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A Cancer Hail Mary Saved My Life

Mellany Gray, an organized business owner and mother of two, spent most of her time driving her teenagers from one sport to the next. An avid fan of enjoying the “simple pleasures” of life, Mellany’s life suddenly became anything but simple when a lump on her leg was diagnosed as embryonal alveolar pleomorphic rhabdomyosarcoma – a rare form of sarcoma found in less than 1% of adult cancer patients.

After receiving various treatments including chemotherapy, radiation therapy, and a thoracotomy with a lobectomy, Mellany’s cancer continued to spread throughout her body. Running out of options, she met Manny Mangat, M.D., medical oncologist and hematologist at Texas Oncology–Midland Allison Cancer Center, who was determined to find a solution. A few months in, Mellany was admitted to the hospital with a brain tumor and given not much longer to live. Dr. Mangat ensured her they weren’t done fighting. He decided to look into immunotherapy, an advanced form of therapy that helps the body’s immune system fight cancer cells, which was a fairly new treatment option at the time. Throwing a Hail Mary, Dr. Mangat started her on this treatment, with no idea what the outcome would be. Incredibly, Mellany’s scans started to clear up, with no signs of cancer.

Hear Mellany’s story and how immunotherapy, a cancer Hail Mary, saved her life.

Transcript

Ted Canova: With cancer quickly spreading through her body, it took a Hail Mary to save this mother’s life.

Mellany Gray: The nurse tells me that I have no evidence of disease in my body. And I just started crying because I felt like it was over, that this is what I was going for, and I made it to the finish line.

Ted Canova: Hi, and welcome back to Right Here, a podcast from Texas Oncology who knows that family and friends are a huge part of cancer treatment, so being right here makes a difference. For community-based cancer care, go to Texas Oncology.com. I’m Ted Canova.

Ted Canova: Sometimes, detecting cancer starts with a simple itch.

Mellany Gray: Hi, I'm Mellany Gray. I live in Midland, Texas and I beat cancer.

Ted Canova: Before any of her many diagnoses, Mellany says that life was just life. She was living in Florida, raising two teenagers. Matthew played football and Samantha was into competitive cheer. Mellany ran her own company, so she had flexibility to enjoy the simple pleasures.

Mellany Gray: I had a pool. So, I did a lot of swimming and went to the beach, hang out with friends, shuttle kids. There was really no fast paced anything because everything was pretty well organized.

Ted Canova: Until one day, when Mellany was sitting in the car, waiting for Samantha to finish a tumbling lesson.

Mellany Gray: I was just messing around on my phone and had my leg up on the seat while I was waiting for her to get done with her lesson. And I had an itch and whenever I reached around to the back of my leg to scratch it, I felt a lump.

Ted Canova: A fairly large lump. Mellany knew something was wrong.

Mellany Gray: I went home, I called my sister who's a nurse. And she told me to lay down flat and see if it would move, and it wouldn't move. And so, I instantly knew that I just had to get into the doctor.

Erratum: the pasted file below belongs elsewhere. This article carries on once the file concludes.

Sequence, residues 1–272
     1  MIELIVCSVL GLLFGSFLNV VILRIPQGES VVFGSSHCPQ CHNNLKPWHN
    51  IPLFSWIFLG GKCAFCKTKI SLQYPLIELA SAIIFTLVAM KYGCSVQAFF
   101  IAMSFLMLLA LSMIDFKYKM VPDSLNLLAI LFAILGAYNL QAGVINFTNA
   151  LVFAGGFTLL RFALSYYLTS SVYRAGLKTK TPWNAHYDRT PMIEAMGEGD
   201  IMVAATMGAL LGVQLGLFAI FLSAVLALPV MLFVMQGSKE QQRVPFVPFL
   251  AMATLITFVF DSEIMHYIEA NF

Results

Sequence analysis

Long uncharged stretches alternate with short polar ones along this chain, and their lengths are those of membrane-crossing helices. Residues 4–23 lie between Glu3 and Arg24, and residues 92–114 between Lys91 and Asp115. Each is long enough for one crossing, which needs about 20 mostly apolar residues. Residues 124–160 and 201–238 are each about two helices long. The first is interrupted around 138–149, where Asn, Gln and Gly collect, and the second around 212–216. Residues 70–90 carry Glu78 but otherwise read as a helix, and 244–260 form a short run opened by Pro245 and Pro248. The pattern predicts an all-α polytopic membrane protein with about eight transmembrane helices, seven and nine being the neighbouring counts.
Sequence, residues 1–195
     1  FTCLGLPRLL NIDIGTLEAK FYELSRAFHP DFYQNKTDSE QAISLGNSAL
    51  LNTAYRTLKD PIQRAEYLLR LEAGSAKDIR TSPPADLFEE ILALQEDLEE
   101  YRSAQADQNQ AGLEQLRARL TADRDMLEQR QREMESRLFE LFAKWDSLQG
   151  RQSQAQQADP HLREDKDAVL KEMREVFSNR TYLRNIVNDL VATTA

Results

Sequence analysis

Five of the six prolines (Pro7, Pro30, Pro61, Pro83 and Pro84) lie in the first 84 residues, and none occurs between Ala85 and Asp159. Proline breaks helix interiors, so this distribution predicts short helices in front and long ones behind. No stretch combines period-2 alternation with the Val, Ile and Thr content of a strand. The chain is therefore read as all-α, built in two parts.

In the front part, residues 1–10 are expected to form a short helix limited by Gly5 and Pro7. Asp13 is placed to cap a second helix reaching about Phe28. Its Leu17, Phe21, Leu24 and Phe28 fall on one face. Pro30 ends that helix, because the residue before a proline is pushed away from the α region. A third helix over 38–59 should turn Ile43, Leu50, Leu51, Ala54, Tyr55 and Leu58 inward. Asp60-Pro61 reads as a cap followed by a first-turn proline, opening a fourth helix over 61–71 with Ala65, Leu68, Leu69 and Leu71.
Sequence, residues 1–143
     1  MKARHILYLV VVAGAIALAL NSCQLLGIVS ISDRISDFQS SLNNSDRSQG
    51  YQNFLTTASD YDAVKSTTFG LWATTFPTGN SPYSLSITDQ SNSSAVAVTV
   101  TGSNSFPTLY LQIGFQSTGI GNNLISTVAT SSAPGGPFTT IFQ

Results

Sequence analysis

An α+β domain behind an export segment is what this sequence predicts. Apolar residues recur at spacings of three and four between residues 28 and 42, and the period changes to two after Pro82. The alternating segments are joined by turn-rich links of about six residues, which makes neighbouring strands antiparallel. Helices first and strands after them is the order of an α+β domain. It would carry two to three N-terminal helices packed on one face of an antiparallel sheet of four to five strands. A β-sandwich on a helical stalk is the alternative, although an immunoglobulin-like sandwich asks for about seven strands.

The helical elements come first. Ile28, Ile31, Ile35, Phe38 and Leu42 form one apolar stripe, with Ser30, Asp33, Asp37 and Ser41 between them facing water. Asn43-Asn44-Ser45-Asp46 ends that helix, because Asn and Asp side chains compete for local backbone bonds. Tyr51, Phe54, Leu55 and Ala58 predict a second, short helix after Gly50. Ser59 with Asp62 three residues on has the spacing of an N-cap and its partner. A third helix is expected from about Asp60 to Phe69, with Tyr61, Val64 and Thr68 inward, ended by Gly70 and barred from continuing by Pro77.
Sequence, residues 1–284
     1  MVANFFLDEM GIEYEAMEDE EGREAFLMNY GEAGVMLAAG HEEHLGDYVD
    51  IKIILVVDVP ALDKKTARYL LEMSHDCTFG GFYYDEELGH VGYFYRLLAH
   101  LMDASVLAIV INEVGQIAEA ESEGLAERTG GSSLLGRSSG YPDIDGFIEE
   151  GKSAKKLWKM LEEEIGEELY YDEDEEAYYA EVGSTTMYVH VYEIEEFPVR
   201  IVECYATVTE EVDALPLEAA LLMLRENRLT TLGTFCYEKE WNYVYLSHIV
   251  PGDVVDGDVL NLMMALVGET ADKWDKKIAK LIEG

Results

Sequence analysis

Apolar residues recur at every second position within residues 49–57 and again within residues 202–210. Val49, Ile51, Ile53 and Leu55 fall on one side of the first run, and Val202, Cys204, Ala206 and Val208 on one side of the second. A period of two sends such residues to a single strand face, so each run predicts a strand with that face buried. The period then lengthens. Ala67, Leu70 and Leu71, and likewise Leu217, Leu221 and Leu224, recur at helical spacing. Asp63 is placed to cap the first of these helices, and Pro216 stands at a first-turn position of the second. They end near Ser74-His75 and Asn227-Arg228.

Ted Canova: But there were no appointments for three weeks.

Mellany Gray: I could feel that it was getting bigger. It was right under my butt, the right post interior thigh.

Ted Canova: What seemed pinpointed would grow to the point of exasperation. She went in for a MRI and was sent to an orthopedic.

Mellany Gray: He felt it and he instantly said, I'm not going to touch it, it's encapsulated so I knew that it was something serious.

Ted Canova: So serious that Mellany set up an appointment with an orthopedic oncologist three hours away.

Mellany Gray: They initially thought it was like a less aggressive type of sarcoma. And then they diagnosed me with a pediatric form of rhabdomyosarcoma.

Ted Canova: Things snowballed from there. Mellany met with specialists, had a treatment plan of chemotherapy, and was going to take part in a kid’s clinical trial. But while getting more blood work done, she got a call.

Mellany Gray: The orthopedic surgeon and says, we’re canceling everything, go to the pediatric oncologist, and she'll explain everything. So, I go over there. And this lady comes in and she takes a piece of paper towel, and she writes E for embryonal. A for alveolar, and P for pleomorphic, which is the only adult form of rhabdomyosarcoma. Sarcoma is 1% of all cancer and I have less than 1% of that 1%. Nobody has what I have. So, she's drawn all this and she's saying what they do and like making me a little diagram and then she gets to the P which is what I have. And she draws a line, and she draws a question mark, and she just keeps circling it and she looks at me and she goes, we don't know what to do with you.

Mellany Gray: So, I went and met with the adult oncologist, and he said, we're going to do the radiation, and try to shrink it because it was so aggressive. And then once you're healed from the radiation burns, we're going to put you into surgery. And then once you're healed from surgery, we're going to put you into a chemo regimen.

Mellany Gray: I was ready for it. I said, Let's do it. I didn't want to waste any more time. The bulge in the back of my thigh just kept getting bigger and bigger. You can visibly see that something was growing.

Ted Canova: So on her daughter’s 16th birthday, Mellany started radiation, and it was working.

Mellany Gray: They were able to kill like 72% of the tumor. And then my burns weren't even healed yet, and they were like, we need to go in and take it out.

Ted Canova: Mellany completed eight weeks of chemotherapy. She started feeling better and had another scan.

Mellany Gray: I was feeling fine. And I went up to the orthopedic oncologist’s office, and they told me that it had metastasized to my lungs. And I had a very aggressive tumor in my right middle lobe. And I had two more tumors in the lower right lobe, and then I had one tumor in the left lobe that was smaller. I was taken aback, but I said okay, what do we do now?

Ted Canova: Mellany’s chemotherapy wasn’t working.